‘Comics Unmasked: Art and Anarchy at the UK’ at the British Library seeks to raise the profile and status of comics in the UK, revealing how they are made, and what they can be made to say about society. John Harris Dunning, one of the exhibition’s co-curators, tells us more.
Can you tell us a bit about the exhibition?
The show looks at the history of rebellion in British comics – something we seem to excel in, and have successfully exported internationally. British comics creators have had a huge impact internationally.
What makes this a distinctive show?
This is the first show by a major cultural institute in the UK about comics. It’s significant in that it finally positions comics as a medium alongside literature and the visual arts.
How did you come to curate this exhibition?
I stalked the British Library. I looked around at the cultural credibility that other European countries and the USA accorded comics – very often by British creators – and was determined to win them the same respect for them here. The Library was very receptive to the idea, and the support of British Library curator Adrian Edwards has been invaluable. My co-curator Paul Gravett was an essential part of making the show what it is. He is quite simply one of the most important comics critics currently operating, and is treasure trove of knowledge and ideas. We have a long relationship that stretches back to our creating the ongoing Comica festival at the ICA in 2003.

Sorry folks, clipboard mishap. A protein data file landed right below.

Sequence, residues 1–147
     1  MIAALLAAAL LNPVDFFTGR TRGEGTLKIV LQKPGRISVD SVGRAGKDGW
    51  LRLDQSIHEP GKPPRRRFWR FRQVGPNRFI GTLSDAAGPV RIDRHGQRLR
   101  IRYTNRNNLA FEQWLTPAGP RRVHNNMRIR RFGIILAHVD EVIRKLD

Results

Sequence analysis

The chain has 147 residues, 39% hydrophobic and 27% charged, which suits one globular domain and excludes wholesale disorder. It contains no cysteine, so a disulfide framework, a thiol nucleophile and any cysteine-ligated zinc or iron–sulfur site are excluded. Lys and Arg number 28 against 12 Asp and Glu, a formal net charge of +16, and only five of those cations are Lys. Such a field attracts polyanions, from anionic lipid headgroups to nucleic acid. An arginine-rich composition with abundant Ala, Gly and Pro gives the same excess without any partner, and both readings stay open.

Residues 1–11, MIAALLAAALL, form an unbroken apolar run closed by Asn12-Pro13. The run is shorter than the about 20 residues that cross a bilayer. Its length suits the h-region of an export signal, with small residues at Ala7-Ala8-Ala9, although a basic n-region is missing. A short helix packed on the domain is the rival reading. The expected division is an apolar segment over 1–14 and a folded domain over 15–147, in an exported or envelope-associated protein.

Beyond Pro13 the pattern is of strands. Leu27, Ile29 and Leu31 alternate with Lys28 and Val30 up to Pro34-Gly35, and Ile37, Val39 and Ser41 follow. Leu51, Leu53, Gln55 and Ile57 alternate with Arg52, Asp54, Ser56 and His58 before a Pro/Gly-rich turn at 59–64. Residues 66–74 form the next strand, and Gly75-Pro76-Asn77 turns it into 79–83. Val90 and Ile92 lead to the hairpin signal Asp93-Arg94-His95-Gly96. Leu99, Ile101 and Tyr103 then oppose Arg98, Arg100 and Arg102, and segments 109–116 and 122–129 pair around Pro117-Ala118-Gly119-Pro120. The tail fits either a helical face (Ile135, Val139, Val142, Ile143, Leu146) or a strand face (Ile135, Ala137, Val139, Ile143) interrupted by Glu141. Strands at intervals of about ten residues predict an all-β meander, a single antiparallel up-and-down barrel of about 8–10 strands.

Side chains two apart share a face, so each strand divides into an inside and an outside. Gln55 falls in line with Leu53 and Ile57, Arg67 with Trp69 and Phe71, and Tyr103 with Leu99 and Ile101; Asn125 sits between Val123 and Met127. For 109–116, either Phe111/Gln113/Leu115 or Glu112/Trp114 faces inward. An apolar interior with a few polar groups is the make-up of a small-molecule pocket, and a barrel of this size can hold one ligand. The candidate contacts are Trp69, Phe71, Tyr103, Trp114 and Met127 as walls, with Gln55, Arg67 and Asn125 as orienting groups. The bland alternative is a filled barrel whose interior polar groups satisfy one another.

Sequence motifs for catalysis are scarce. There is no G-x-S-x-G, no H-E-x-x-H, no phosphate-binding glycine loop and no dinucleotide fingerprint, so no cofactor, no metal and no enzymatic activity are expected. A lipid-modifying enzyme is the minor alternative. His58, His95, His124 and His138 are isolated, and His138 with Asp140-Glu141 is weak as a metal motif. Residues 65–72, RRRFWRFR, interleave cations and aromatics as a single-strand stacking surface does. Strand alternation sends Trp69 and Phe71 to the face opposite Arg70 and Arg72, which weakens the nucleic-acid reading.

What is likely to be the highlight of the exhibition?
This will depend on every viewer – there is such a breadth of material covering politics, magic, sex and altered states – and superheroes. There’s something for everyone here. I’m most hoping that people who have never read comics will see this show and start reading them.
And what’s been the most exciting personal discovery for you?
The collection of comics that is housed in the British Library, that stretches back all the way to the early Victorian period and beyond – it’s the biggest in the country and it’s available to the public. It deserves to be studied.
What’s the greatest challenge you’ve faced in preparing this exhibition?
Without wanting to be boring – none. We were overwhelmed by the support we got from the library as well as from the creators – and the press. It feels like there is a huge appetite for this material. I can’t wait to see how audiences react to it.
How are you using the gallery space? What challenges will the hang/installation pose?
Artist, filmmaker and sculptor Dave McKean was the artistic director for this show. He has generously lent the show’s design an air of theatricality that has really brought the material alive in a way I couldn’t have imagined. The team at the British Library are fearless and really got behind his vision.
Which other works would you have liked to have included?
Everything we have left out. Truly, there are a million things that I’d like to have included that we weren’t able to – but this is just the beginning. We are just opening a dialogue and look forward to seeing what happens next…
‘Comics Unmasked: Art and Anarchy at the UK’ is at the British Library from 2 May–19 August.